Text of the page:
Latin America has some of the world’s major energy and commodities supplies, so it’s no surprise that it is a very attractive place for resource-hungry China to do deals. And so it has racked up a staggering 286 per cent rise in investments in Latin America in from June 2010 to May 2011 compared with the previous 12 months.
According to a new report by consultancy Deloitte & Touche, China invested $15.6bn in Latin America in the year – nearly a third of its total $43.7bn foreign investment during the period.
As the following graph shows, the pace of investment has been breakneck, and Beijing’s Latin American focus is clear: Brazil and Argentina, which represented some 59 per cent and 41 per cent of its total investment in the region (Chile represented a tiny fraction – just 0.12 per cent). Nearly three quarters of investment was in the energy sector.
Oil company Sinopec’s investments – buying the Brazilian assets of Repsol-YPF and the Argentine assets of Occidental – alone added up to $9.6bn, 62 per cent of the total invested in the region in the last year.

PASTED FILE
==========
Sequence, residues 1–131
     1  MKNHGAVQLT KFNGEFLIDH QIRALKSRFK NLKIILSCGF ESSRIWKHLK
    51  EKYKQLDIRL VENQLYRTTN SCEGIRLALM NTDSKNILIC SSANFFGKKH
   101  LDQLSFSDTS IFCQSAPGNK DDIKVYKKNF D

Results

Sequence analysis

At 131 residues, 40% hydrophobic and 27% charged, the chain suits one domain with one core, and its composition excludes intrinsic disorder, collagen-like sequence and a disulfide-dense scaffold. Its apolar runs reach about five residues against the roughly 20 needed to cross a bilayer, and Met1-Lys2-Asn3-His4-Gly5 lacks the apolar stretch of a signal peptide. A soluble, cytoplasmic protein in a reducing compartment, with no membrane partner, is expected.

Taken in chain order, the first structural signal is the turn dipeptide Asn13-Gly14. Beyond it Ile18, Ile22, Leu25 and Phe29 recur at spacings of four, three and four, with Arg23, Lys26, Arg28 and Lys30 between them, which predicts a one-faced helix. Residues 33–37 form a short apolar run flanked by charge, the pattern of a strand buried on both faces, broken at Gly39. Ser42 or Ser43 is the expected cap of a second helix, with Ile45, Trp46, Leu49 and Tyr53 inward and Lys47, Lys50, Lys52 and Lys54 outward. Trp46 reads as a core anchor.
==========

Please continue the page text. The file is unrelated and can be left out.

Here is a table of the top 10 deals.
Can it continue? The consensus seems to be a resounding yes. At the same pace? That’s less certain.
Deloitte & Touche wrote:Our view is optimistic – we consider there will be more Chinese investment in future, not only in the energy and natural resources sector but also in other industries like manufacturing, agriculture, infrastructure and finance, etc, which offer differential value in the region.
In Argentina alone, Chinese groups are increasingly involved in manufacturing, such as mobile phones, and there are persisten signals of a move into banking through a purchase of the Argentine assets of South Africa’s Standard Bank.
China appears to see plenty in Latin America to keep feeding its appetite.